It was wonderful to witness the sharing of millions of posts worldwide in recognition of International Women’s Day 2018.
March 8 has been re-energised as an important platform to celebrate the achievements of women and continue calls for gender parity.
Merrick Life joined in the throng with the stories of five women from different backgrounds and occupations who have each made their own significant impact on a profession, community, family or culture.
Each story is inspiring and empowering evidence of how far women have come in the last 100 years.
But in truth it wasn’t their stories that most resonated with me on the day.
A friend of mine posted this on facebook:
‘Feeling blessed to share my life with so many incredible, strong and inspirational women, not least my wonderful mum – who even during her battle with a terrifying illness displays strength and dignity.  ‘Walk tall’ and ‘Never be afraid to be yourself” were her words of wisdom as we were growing up. So relevant and appropriate now. Our struggles as women continue but we are seeing changes and at a faster pace.
‘EQUALITY will be ours!
‘Happy International Women’s Day to all you absolute beauties.’
It reminded me very much of a piece of advice given to me by my own mother.
I first fell in love with the law when I was 13, inspired by a triple whammy of influences.
Leon Uris’ courtroom opus QB VII hit our TV screens around the same time that in school we read Harper Lee’s To Kill a Mockingbird with its theme of racial injustice.  The novel’s hero, Atticus Finch, is a model of integrity for lawyers. And there was the classic movie, 12 Angry Men, with Henry Fonda slowly convincing his fellow jurors to confront their own prejudices. Together these three stories, each concerning a quest for justice, had a profound effect and determined my desire to work in the law
So imagine the disappointment when I secured my first job and found I didn’t enjoy the law office environment at all. Serious, sombre and quiet did not make  a natural habitat for someone who grew up in pubs and hotels.
That first job would, however, become the place I learned the power of being true to yourself and helped to elicit what still remains one of the best pieces of advice given to me by my mother.
I rang home to break the news that after four years of study, a job in the law wasn’t for me.  Mum listened intently as I explained my plight.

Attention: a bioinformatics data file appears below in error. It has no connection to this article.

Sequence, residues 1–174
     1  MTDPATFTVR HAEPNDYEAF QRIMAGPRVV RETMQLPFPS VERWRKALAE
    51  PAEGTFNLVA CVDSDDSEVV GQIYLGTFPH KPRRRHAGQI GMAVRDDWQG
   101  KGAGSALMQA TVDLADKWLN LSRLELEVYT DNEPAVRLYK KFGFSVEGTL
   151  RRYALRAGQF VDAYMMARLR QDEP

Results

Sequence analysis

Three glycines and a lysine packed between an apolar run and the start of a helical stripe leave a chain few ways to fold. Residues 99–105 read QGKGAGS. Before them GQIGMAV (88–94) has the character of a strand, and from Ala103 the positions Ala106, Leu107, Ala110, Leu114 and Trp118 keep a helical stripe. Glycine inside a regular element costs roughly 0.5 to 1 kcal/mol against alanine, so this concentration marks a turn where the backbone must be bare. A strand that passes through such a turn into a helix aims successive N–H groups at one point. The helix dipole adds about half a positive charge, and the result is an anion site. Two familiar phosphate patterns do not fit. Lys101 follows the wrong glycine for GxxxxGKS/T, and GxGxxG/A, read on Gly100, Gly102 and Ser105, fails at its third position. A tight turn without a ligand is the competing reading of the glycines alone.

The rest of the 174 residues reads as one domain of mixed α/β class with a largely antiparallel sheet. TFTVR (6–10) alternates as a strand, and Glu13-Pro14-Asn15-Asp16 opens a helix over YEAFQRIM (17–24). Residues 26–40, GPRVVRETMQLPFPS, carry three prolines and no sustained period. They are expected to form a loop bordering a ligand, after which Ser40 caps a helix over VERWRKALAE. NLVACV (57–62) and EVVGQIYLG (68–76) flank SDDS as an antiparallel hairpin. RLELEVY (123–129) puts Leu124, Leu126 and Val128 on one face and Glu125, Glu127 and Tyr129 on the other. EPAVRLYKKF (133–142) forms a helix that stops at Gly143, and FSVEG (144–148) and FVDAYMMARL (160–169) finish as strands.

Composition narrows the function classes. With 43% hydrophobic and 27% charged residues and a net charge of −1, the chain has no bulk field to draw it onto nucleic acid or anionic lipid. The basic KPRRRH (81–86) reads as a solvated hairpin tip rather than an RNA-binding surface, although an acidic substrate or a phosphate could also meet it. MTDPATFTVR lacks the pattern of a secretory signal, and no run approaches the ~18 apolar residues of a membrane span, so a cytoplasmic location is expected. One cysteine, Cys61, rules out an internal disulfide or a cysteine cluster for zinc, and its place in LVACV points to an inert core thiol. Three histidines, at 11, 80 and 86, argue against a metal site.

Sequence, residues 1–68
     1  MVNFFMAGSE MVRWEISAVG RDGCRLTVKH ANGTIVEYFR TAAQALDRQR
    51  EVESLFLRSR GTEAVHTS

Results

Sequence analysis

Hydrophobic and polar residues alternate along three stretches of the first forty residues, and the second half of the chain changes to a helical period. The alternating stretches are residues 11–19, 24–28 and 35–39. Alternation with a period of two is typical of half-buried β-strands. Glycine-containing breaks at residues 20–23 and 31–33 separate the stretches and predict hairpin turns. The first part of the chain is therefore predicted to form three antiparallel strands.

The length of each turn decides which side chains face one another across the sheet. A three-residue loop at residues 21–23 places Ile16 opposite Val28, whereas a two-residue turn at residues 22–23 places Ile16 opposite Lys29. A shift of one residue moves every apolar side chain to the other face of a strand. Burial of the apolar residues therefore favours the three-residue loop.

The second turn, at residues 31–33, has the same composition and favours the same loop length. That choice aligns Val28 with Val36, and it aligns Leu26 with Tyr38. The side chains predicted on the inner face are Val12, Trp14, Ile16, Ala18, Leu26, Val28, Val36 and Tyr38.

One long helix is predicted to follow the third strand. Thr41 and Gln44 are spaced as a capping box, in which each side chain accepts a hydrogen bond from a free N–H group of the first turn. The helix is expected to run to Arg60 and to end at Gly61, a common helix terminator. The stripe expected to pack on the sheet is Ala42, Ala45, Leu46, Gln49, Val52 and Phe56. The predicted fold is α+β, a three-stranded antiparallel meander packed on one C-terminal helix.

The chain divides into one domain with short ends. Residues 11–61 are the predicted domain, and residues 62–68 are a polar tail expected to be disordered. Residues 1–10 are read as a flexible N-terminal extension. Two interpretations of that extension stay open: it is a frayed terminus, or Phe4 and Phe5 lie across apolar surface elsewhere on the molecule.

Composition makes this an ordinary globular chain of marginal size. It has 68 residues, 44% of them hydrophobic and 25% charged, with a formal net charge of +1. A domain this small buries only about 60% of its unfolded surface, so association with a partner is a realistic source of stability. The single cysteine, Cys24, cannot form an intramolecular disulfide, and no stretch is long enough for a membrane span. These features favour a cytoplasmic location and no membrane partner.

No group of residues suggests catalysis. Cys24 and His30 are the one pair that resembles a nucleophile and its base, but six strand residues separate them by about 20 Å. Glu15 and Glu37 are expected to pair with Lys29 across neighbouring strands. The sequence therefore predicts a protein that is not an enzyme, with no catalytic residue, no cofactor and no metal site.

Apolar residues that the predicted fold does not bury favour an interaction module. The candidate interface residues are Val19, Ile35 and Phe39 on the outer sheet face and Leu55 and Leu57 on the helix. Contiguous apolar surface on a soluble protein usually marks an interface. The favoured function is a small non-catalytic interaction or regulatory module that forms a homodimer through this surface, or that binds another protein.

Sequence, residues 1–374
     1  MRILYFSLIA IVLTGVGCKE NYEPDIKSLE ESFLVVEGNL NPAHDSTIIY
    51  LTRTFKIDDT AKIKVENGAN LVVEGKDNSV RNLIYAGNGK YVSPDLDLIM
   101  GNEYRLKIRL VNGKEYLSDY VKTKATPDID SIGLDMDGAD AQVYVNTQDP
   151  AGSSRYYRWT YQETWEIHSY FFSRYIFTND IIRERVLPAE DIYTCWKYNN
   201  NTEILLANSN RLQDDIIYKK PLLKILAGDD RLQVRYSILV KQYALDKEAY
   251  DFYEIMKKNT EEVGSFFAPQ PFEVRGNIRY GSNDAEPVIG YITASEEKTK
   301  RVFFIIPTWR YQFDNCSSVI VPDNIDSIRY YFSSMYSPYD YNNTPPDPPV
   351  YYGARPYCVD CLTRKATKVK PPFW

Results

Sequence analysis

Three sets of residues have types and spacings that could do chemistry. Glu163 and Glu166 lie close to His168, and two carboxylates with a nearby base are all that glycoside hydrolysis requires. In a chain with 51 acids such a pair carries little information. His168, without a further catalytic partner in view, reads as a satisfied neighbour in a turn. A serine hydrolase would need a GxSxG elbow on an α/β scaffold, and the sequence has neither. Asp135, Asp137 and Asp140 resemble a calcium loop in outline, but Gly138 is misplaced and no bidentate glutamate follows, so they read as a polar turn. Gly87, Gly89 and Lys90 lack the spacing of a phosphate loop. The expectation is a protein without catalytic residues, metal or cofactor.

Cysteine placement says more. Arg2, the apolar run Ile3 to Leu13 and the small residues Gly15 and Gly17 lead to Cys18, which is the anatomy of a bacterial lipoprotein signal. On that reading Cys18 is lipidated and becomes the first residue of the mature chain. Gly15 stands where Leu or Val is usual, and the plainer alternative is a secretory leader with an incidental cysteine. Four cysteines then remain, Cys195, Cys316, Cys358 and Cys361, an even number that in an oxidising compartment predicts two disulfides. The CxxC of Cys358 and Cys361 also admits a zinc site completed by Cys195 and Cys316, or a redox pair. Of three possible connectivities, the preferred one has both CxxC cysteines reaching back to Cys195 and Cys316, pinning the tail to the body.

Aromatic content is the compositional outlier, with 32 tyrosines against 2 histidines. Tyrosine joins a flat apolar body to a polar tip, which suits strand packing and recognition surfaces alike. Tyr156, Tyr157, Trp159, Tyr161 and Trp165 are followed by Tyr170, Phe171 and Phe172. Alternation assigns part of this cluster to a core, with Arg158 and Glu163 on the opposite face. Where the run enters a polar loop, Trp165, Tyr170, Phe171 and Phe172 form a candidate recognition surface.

When I’d finished my ramblings, without hesitation she told me to go in to the office the next day with the promise of a month of being myself. If I still didn’t like it after that, then I should leave.
So in I went, took a chance and lifted the law office atmosphere a little with the injection of some humour and light-hearted banter alongside all the proper, serious stuff.
Much to my surprise I ended up staying with the firm for another three years during which time I received a training that continues to stand me in good stead even to this day.
My friend’s social media post was not on its own – there were so many on March 8’s #IWD2018 calling out the wonders of ordinary women across the globe; each testament to an indomitable strength and awesomeness.
In 2005 I was asked by a friend to take a table at a charity ball.  At the time I was working with a number of commercial clients but they were regularly invited to such events and another one was unlikely to fill them with glee. So it was I determined to take nine of my divorcing/divorced ladies instead.
I was working at Linder Myers at the time and that night, thanks to some naming inspiration derived from the Sassy Pink Peppers in America, the LM Pink Peppers enjoyed their inaugural outing.
Each of the girls was on their own individual journey and at a different stage of a relationship breakdown but they shared their stories and gained a catharsis that comes when you recognise your own pain in someone else.
We have since attended more charity balls, enjoyed trips to the theatre, trained for and run the Manchester 10K, raising funds for the Children’s Adventure Farm Trust ( and gone on holiday together.
We’ve celebrated a number of milestone birthdays and a remarriage; others have also found happiness in new relationships. Some have suffered the loss of a parent and we have gathered round them to give our love and support.  Numbers fluctuate but at the heart of this group are women who have shared a life experience and come out all the stronger for it – ladies I salute you!
And, Mum, with another Mother’s Day just passed, I thank you for that advice back in 1985.